Wednesday, October 5, 2022

Beat happening: A plaque unveiling at the former residence of Allen Ginsberg and William S. Burroughs

Tomorrow evening, Village Preservation is unveiling a plaque outside the former residence of Allen Ginsberg and William S. Burroughs on Seventh Street. 

The event takes place outside 204-206 E. Seventh St. between Avenue B and Avenue C, where the two lived in a third-floor apartment in the early 1950s. According to NYU's Grey Art Gallery, "Ginsberg took some of his best-known photographs of the Beats in this apartment, on the building's roof, and on the fire escape."

We will install a plaque to commemorate the Beat Generation at a building where Allen Ginsberg and William S. Burroughs lived early in their careers. The two and occasional visitor Jack Kerouac formed the nucleus of this influential post-war countercultural movement. We will hear excerpts from their work and a discussion of the importance of the Beat Generation and of these authors' early work. 
The festivities begin at 5:30. Village Preservation asks attendees to register here in advance. 

Ginsberg lived in multiple apartments in the neighborhood from the 1950s to his death in 1997, including 170 E. Second St., 704 E. Fifth St., 408 E. 10th St., 437 E. 12th St. and 404 E. 14th St.


Anonymous said...

Really? Ginsberg was a rover, as Grieve points out, so this will be contentious -- and, honestly, selfish. In his more radical moments, I recall him living on East 10 Street and his death, according to the New York Times, on East 13 Street (though it may have been in his multiplex apartment on East 12 Street, which was featured in an earlier post in Grieve).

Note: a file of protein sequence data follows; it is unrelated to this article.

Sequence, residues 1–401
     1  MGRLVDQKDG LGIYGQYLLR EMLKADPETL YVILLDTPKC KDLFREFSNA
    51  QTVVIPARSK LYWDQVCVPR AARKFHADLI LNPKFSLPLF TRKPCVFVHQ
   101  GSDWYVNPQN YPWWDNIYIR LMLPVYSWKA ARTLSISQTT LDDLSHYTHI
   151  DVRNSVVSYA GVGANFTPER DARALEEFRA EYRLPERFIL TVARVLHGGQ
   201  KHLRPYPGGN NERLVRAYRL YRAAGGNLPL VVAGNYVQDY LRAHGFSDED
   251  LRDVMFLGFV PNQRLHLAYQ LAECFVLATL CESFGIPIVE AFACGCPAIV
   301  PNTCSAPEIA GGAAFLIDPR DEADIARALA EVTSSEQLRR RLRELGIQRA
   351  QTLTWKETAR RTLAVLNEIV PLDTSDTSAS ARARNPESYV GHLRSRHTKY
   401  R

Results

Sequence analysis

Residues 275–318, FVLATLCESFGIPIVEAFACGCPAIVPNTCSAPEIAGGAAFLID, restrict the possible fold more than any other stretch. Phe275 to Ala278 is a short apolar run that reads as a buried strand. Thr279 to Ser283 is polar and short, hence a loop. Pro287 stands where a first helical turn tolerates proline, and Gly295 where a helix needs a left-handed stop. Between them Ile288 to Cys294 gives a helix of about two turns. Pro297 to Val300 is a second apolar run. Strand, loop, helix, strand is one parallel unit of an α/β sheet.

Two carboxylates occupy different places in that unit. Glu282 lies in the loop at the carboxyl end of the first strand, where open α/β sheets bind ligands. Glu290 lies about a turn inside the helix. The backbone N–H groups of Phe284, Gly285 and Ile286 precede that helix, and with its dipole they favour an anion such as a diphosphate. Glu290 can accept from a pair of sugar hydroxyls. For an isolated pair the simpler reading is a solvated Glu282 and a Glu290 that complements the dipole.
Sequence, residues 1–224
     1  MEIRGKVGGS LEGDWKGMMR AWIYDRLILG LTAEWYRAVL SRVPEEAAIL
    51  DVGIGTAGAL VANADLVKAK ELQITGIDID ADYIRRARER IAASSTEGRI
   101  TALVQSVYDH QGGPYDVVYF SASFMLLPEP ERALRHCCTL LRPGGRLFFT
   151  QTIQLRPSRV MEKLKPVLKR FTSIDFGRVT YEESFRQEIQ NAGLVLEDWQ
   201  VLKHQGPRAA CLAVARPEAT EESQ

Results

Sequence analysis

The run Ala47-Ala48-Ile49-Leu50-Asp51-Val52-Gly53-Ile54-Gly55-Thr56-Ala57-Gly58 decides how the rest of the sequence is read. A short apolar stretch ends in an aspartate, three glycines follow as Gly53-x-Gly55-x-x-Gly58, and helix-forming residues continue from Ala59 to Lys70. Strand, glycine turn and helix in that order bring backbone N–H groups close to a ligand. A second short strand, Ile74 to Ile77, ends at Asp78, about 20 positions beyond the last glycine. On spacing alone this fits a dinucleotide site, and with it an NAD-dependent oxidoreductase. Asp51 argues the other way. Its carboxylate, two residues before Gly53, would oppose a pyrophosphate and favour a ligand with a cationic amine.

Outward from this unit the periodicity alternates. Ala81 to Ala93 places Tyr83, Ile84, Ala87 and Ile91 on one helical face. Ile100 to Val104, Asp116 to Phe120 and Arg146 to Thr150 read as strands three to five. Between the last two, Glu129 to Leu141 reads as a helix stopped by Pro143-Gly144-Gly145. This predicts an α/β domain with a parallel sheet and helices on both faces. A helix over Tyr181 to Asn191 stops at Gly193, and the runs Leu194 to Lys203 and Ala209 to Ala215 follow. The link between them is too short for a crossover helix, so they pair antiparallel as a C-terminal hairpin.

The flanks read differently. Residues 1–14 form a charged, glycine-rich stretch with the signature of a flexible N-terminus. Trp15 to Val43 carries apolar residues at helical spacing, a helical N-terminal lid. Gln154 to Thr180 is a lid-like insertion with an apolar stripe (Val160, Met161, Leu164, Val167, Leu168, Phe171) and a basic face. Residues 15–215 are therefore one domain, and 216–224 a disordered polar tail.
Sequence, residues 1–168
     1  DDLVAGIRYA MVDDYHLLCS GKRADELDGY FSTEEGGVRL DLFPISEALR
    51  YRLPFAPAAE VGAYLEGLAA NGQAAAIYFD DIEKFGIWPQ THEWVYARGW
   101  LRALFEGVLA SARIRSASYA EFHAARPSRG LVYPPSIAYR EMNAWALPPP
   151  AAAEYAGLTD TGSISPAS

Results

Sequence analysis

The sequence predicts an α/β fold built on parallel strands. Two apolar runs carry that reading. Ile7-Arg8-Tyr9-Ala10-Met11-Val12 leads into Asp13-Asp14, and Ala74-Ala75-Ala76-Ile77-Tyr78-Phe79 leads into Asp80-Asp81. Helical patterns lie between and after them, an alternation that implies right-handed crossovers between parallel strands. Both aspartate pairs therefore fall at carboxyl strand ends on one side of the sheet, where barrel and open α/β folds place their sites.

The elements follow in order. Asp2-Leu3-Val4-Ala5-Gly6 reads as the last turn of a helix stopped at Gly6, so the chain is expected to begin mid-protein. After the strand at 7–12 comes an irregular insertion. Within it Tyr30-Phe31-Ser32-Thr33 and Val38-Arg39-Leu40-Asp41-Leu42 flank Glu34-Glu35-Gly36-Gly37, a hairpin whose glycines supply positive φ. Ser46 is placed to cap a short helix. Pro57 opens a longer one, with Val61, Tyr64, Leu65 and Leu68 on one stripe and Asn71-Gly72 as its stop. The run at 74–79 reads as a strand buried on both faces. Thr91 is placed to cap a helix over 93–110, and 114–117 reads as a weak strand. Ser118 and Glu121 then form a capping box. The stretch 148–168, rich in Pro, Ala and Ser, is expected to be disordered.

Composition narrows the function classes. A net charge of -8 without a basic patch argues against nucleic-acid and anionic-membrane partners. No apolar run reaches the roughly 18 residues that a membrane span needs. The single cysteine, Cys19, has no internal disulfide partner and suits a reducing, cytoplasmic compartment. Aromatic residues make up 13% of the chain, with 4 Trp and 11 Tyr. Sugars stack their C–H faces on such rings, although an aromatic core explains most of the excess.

To correct this, possibly each of the building should share in a commemorative, listing the dates he lived there, and the activities and books he published during those stays, at each.

This would also be a clear road map for any walking tour.

XTC said...

Really? A plaque? Sounds way too respectable for guys who primarily lived in the gutters and sewers and drug dens. Several manholes cast in bronze with their names/images on it placed throughout lower Manhattan would be far more appropriate and I dare say a good deal more creative.

Anonymous said...

To 1:51: Ginsburg, in particular, was a fixture and supporter of the poetry scene in New York in general and in this neighborhood more specifically. He did more to enrich and support a scene than most do and spent a lifetime doing it. I had more or less forgotten this fact too, that is until I found a bunch of old 1990s poetry calendars from St. Mark's Poetry Project in the trash a while ago. Even by the 1990s the poetry scene was still alive and thriving in the hood with tons and tons of DAILY readings, DAILY book signings, and more and that was a fraction, I'm sure, of what it was in the 1960s, 70s, 80s. Now there is practically NOTHING by comparison. Ginsberg was a singular positive force in that arena, and he should not be overlooked. Teaching, holding events and readings, publishing, lending your voice to others' projects, offering mentoring and advice to other poets, and just contributing to the synergy it takes to keep a scene going like that, Ginsberg did that. He was GLUE.